Habits Secretly Increasing Your Pancreatic Cancer Risk, Say Medical Experts
Pancreatic cancer affects 3 percent of the American population and it's one of the deadliest forms of cancer because early detection is rare. The American Cancer Society states, "Pancreatic cancer is hard to find early. The pancreas is deep inside the body, so early tumors can't be seen or felt by health care providers during routine physical exams. People usually have no symptoms until the cancer has become very large or has already spread to other organs." While genetics and age do play a role in increasing the risk, so do unhealthy habits that can be avoided. Eat This, Not That! Health spoke with Sean Marchese, MS, RN, a registered nurse at The Mesothelioma Center with a background in oncology clinical trials and over 15 years of direct patient care experience who shares what bad habits are growing your chance of pancreatic cancer. Read on—and to ensure your health and the health of others, don't miss these Sure Signs You've Already Had COVID.
What Should People Know About Pancreatic Cancer?
Marchese says, "The pancreas has a critical role in digestion by producing the fluids necessary to break down food into usable molecules and releasing hormones that maintain blood sugar. The most common form of pancreatic malignancy occurs in the duct between the liver and pancreas, known as pancreatic ductal adenocarcinoma. Traditional treatment methods are limited for pancreatic cancer, with surgery being the best option if cancer is caught early. Targeted treatments, such as immunotherapy, will likely become more widespread as research continues."
Why is the Survival Rate Low for Pancreatic Cancer?
Marchese explains, "Unfortunately, pancreatic cancer is often diagnosed during its later stages because symptoms aren't apparent until other organs are involved. Based on how far cancer has spread, treatment options might include traditional chemotherapy, surgery, radiation or a combination of approaches. However, pancreatic cancer is so fatal because pancreatic tumors notoriously respond poorly to treatment. Pancreatic cancer has the highest mortality of all primary cancers, with an overall 5-year relative survival rate of 11%. The 5-year survival improves to 42% for patients with limited-stage progression. About 70% of pancreatic cancer patients live less than one year after diagnosis."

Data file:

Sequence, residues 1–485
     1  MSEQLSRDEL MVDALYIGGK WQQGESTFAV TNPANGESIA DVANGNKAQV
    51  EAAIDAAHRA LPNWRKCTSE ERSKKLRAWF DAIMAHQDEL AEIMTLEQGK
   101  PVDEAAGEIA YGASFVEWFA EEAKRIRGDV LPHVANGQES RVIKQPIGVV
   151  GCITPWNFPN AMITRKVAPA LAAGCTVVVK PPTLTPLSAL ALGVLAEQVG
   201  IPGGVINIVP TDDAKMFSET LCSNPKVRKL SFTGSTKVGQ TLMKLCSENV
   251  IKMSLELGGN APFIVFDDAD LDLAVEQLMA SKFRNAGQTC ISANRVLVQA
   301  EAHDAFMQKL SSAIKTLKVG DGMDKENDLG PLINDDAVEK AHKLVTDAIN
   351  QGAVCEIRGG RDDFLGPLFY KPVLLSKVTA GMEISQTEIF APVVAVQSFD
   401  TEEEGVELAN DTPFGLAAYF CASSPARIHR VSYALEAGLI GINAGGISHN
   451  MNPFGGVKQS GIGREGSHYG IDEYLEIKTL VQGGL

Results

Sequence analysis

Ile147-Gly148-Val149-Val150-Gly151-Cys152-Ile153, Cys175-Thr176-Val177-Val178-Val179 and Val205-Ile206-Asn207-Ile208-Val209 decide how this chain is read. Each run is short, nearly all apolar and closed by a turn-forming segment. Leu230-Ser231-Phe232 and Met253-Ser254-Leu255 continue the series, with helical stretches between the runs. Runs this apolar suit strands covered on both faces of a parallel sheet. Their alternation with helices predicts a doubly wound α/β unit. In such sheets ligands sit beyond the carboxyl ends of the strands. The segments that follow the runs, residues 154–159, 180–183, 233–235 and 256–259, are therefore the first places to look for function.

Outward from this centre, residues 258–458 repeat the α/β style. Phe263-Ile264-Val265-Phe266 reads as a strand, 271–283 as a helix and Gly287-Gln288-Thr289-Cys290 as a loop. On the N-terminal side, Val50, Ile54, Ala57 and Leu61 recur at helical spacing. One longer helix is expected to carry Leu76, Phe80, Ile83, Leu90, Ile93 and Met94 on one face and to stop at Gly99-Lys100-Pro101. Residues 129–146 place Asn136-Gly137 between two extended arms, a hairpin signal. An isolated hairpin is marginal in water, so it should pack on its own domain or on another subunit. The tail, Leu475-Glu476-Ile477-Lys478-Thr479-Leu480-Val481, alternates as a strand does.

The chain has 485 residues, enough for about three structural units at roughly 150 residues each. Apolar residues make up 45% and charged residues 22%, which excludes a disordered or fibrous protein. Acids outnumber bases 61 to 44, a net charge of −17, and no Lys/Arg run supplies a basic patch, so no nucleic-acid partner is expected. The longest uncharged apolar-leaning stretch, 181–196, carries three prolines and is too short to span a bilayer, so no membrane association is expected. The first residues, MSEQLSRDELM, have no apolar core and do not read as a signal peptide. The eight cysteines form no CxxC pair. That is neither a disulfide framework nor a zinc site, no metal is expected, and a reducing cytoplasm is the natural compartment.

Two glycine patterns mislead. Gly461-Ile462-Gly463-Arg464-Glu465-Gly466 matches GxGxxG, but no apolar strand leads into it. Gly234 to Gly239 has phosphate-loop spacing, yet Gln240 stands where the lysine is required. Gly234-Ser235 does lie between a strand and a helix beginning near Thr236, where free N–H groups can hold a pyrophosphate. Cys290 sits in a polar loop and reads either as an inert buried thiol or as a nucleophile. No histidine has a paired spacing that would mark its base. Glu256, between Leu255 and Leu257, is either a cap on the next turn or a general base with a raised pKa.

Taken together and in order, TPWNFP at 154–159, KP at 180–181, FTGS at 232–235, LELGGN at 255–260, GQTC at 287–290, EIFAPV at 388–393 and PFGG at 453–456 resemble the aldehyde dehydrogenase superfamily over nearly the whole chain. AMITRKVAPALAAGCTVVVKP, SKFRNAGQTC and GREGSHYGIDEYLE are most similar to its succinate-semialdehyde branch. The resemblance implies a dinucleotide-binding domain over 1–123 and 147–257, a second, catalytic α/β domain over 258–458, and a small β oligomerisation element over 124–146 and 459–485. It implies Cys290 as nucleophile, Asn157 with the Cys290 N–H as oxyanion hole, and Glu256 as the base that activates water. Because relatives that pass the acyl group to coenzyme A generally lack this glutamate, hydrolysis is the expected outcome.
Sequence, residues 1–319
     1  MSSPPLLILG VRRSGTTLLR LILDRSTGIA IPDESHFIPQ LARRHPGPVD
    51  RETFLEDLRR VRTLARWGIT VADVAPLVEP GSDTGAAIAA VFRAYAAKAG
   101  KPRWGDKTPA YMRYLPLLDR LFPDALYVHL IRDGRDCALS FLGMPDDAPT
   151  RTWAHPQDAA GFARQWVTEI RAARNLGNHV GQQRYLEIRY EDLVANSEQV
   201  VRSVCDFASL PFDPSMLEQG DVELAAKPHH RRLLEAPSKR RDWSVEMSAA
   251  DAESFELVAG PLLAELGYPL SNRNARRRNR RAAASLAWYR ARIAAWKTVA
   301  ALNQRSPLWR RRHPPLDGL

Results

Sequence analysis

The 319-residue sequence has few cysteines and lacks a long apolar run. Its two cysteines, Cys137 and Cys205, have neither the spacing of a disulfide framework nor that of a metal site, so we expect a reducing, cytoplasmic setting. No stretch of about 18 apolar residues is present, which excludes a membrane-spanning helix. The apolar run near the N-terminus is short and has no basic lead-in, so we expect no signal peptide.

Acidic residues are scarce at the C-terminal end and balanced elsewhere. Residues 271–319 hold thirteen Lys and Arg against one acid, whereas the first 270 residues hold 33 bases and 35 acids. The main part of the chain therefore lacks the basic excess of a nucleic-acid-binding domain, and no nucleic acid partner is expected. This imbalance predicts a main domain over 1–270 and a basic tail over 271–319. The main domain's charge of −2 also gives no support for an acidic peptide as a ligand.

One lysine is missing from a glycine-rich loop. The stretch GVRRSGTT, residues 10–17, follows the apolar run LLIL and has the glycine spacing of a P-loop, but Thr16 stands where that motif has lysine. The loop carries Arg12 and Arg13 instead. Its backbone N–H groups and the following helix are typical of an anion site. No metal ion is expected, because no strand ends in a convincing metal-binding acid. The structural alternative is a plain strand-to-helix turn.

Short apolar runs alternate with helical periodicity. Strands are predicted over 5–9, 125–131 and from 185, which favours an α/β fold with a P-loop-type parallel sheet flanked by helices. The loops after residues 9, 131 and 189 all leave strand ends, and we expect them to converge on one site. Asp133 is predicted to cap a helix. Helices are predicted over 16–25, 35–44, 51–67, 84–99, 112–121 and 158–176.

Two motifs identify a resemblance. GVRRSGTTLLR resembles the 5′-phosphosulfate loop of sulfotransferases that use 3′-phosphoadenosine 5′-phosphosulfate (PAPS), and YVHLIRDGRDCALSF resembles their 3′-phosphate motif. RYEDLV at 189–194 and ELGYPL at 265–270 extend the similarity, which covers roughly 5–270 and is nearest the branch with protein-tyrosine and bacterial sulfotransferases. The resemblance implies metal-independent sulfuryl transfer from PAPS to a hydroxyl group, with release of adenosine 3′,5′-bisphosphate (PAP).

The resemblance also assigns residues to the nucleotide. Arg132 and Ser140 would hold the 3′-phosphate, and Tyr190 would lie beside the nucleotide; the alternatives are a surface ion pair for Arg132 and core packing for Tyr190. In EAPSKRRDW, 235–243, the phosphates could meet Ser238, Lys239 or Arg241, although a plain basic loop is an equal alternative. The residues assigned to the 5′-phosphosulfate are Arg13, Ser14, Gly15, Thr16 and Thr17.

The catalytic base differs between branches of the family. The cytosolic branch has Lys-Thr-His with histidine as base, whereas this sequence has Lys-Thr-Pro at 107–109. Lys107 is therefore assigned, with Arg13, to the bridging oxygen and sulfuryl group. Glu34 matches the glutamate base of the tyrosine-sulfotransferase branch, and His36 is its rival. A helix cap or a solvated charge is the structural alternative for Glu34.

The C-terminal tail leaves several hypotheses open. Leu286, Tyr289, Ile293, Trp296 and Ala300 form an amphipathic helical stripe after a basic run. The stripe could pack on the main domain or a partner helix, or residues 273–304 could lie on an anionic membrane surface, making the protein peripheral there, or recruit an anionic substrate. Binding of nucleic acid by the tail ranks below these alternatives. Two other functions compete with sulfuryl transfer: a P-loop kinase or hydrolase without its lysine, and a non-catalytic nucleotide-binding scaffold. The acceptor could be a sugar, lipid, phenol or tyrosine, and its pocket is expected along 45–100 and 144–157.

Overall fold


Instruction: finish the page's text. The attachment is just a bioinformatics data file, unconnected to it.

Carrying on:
"Tobacco use is not only one of the more significant risk factors for pancreatic cancer, but it's also one of the most avoidable," Marchese emphasizes. "Inflammation from cigarette carcinogens leads to fibrotic tissue in the pancreas and the development of pancreatic ductal adenocarcinoma, which is more likely for people with certain genetic risk factors. Smoking nearly doubles the risk of pancreatic cancer compared to those who have never smoked. The American Cancer Society reports that about 25% of pancreatic cancer cases are caused by cigarette smoking, but cigars and smokeless tobacco can also contribute to this risk."
Marchese states, "Researchers have noted a positive correlation between pancreatic cancers and red or processed meats like pork and beef. The extent of the risk is still under investigation, and the exact cause remains unknown. An analysis of nearly a dozen studies found that an increase in red meat consumption of 120 g per day (about a quarter-pound burger or four slices of bacon) was associated with a 30% increased risk of pancreatic cancer in men but not women. The study also found that for every increase of 50g of processed meat per day, the overall relative risk increased by 19% for men and women."
"Heavy alcohol use can lead to chronic pancreatitis, a long-term inflammatory process in the pancrea," says Marchese. "Over time, the increased inflammation causes scar tissue and cell damage, increasing the risk of pancreatic cancer. Your body converts alcohol into acetaldehyde which can damage DNA, and as your cells try to repair the damage, errors in the process can lead to tumor formation. Heavy drinking can lead to many other severe issues, such as hypertension, stroke and heart disease, as well as other cancers in the mouth, throat, liver, colon, rectal and breast."
Lack of Exercise
Marchese shares, "An inactive lifestyle can lead to many health issues, such as heart disease and cancer. Very overweight people are about 20% more likely to develop pancreatic cancer. The risk is even higher for those who gain significant weight after adulthood or carry much of it around the waistline, an indicator of visceral fat which can damage organs. Low activity levels can also lead to type 2 diabetes, another risk factor for pancreatic cancer."
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